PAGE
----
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    Advisory boards

  • Phase 2, 2010–14: Hal Cook, Anthony Grafton, Rob Iliffe, Mark Jenner, Ludmilla Jordanova, Margaret Pelling, Richard Smith, John Harley Warner
  • Phase 3, 2014–19: Gina Czarnecki (2014–15), Alexandra Franklin, Vanessa Harding, Tim Hitchcock, Rob Iliffe
  • Casebooks exhibition curatorial advisory committee: Alanna Heiss (Chair), Katharine Heron, Natalie Kaoukji, Lauren Kassell, Sam Thorne, David Thorp


Lauren Kassell is Professor of History of Science and Medicine in the Department of History and Philosophy of Science and Fellow of Pembroke College, University of Cambridge. She conceived the Casebooks Project, was responsible for its design and management, and oversaw the editing, website, and other outputs. Her acclaimed study of Simon Forman was published in 2005, and she has written on other aspects of the histories of medicine, gender, astrology, alchemy, and magic in early modern England. She is a co-editor of Reproduction: Antiquity to the Present Day (2018), in which her chapter on ‘Fruitful Bodies and Astrological Medicine’ uses Forman’s and Napier’s casebooks to explore how questions about pregnancy, fertility, and women’s health defined the dynamics of early modern medical encounters. She chairs the Casebooks Editorial Committee.

Technical Director

Michael Hawkins has been part of the project since its inception. During its funded phases, he was responsible for all its technical aspects, including the establishment of the encoding policies, the development of the search function, the design of the website, and the management of digital assets. With Lauren Kassell, Robert Ralley, and John Young, he wrote the pages on this site that constitute the Casebooks critical introduction. He completed his PhD on Thomas Willis’s neurocartography of the passions in 2004 at the Centre for History of Science, Technology and Medicine at Imperial College, London. He has served as Technical Director of numerous digital humanities projects, including the Darwin Correspondence Project (Cambridge University Library), the Newton Project (University of Oxford), the Cambridge Platonism Sourcebook (Cambridge University), Livingstone Online (Wellcome Trust Centre for the History of Medicine at UCL), and the British Living Standards Project (University of Sussex). He was also the Project Manager of Windows on Genius (University of Sussex, Cambridge University Library). He is currently a Senior Developer in the Digital Innovation and Development team at the Cambridge University Library. He is a member of the Casebooks Editorial Committee.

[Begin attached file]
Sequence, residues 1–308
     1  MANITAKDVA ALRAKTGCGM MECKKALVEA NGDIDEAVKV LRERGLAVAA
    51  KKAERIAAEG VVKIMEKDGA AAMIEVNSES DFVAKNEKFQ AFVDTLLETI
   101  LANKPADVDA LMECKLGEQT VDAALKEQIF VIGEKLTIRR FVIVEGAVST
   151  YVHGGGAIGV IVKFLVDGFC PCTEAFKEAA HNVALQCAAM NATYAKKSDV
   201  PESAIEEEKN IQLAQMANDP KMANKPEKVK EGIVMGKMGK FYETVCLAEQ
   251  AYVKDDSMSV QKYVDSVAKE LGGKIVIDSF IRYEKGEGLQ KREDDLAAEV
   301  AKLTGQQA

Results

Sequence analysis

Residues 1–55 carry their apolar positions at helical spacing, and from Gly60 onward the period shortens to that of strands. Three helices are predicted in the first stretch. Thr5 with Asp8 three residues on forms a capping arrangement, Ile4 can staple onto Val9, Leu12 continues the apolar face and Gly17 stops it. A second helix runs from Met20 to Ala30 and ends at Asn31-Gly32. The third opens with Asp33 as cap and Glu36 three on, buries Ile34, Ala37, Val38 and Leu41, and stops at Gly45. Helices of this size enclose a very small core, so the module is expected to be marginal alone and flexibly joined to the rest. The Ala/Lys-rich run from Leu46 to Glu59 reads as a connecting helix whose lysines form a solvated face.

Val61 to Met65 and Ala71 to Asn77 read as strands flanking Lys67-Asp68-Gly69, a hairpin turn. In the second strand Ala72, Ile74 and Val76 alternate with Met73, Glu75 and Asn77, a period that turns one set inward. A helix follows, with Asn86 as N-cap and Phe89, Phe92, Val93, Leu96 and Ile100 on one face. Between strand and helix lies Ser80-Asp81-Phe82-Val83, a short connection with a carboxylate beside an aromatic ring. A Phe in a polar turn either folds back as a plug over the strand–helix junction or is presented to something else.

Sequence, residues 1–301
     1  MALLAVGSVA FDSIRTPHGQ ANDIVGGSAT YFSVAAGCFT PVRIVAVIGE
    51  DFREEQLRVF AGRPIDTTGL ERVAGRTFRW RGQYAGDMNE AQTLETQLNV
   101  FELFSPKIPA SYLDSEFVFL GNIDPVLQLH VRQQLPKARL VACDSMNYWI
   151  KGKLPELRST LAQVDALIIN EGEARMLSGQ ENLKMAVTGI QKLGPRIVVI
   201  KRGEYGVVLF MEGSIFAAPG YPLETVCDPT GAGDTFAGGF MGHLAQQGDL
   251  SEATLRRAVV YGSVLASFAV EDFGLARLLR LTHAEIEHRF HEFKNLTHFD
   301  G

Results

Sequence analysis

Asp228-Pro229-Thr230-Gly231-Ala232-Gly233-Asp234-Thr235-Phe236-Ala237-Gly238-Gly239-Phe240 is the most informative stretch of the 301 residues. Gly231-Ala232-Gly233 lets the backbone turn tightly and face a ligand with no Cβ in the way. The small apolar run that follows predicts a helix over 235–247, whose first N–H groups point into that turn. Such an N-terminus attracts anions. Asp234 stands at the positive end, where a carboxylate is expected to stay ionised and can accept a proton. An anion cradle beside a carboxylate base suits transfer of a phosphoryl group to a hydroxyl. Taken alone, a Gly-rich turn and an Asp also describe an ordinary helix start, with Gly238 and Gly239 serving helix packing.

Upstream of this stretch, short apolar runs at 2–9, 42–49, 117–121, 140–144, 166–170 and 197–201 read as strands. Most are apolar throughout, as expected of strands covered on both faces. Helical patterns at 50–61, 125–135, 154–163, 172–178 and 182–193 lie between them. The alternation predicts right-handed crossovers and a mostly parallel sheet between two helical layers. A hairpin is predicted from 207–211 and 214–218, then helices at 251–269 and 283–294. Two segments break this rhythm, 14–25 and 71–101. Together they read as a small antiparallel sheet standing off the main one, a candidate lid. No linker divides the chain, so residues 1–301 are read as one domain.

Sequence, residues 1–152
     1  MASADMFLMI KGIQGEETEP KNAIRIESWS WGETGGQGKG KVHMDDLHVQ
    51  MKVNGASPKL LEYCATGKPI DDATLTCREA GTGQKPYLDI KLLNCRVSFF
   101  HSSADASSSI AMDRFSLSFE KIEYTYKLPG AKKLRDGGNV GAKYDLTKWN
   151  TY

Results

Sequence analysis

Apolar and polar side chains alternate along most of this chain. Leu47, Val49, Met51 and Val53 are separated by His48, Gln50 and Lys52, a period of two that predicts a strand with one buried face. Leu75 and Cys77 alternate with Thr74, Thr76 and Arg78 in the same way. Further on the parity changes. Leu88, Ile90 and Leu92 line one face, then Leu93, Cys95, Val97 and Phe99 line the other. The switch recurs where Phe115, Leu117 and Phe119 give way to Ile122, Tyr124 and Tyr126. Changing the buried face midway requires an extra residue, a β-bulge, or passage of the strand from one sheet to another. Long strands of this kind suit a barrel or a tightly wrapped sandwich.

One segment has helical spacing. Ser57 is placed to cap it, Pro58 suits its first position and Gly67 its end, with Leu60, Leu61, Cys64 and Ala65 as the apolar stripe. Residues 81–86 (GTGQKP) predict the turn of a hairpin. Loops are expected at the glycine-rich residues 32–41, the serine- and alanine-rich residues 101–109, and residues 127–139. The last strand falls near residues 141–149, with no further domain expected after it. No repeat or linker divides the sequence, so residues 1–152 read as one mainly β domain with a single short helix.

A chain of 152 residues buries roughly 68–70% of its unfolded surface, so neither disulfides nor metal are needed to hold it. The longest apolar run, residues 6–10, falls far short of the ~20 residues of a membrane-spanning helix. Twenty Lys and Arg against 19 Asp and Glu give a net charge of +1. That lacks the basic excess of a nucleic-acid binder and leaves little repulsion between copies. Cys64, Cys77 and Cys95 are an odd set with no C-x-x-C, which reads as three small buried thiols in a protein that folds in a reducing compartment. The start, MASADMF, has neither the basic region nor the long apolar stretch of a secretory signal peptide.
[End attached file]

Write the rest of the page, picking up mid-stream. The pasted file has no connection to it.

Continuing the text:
Senior Editors

Robert Ralley joined the Casebooks Project when it was piloted in 2008. As a Senior Editor, in tandem with John Young he transcribed and edited the casebooks. He independently transcribed and edited Forman’s major guide to astrology and supplied it with a critical introduction. He wrote a PhD dissertation on clerical physicians in fifteenth-century England (Cambridge, 2005), held a Wellcome Research Fellowship focussing on ‘Medical Times in Late Medieval England’, and has published on the history of medicine, astrology, and magic. He transcribed Forman vols. 1, 3, 5, and 6; Napier vols. 1, 3, 6, 8, 9, 11, 14, 15, 17, 18, and 19; three volumes of assorted papers; and numerous supplementary manuscripts. He checked Forman vols. 2 and 4; Napier vols. 2, 4, 5, 7, 10, 12, half of 13, 20, 21, 22, 23, 24, 25, 26, 30, 32, 34, 35, 36, 38, 39, 40, half of 41, 42, 45, 47, 50, 51, and 54; and Sir Richard Napier’s vols. 1 and 2. He linked the names for the full corpus. With Lauren Kassell, Mike Hawkins, and John Young, he wrote the pages on this site that constitute the Casebooks critical introduction. He is currently a Research Associate on the AHRC-funded project Unlocking Digital Texts: Towards an Interoperable Text Framework, which will use the Casebooks files as a case study. He is a member of the Casebooks Editorial Committee.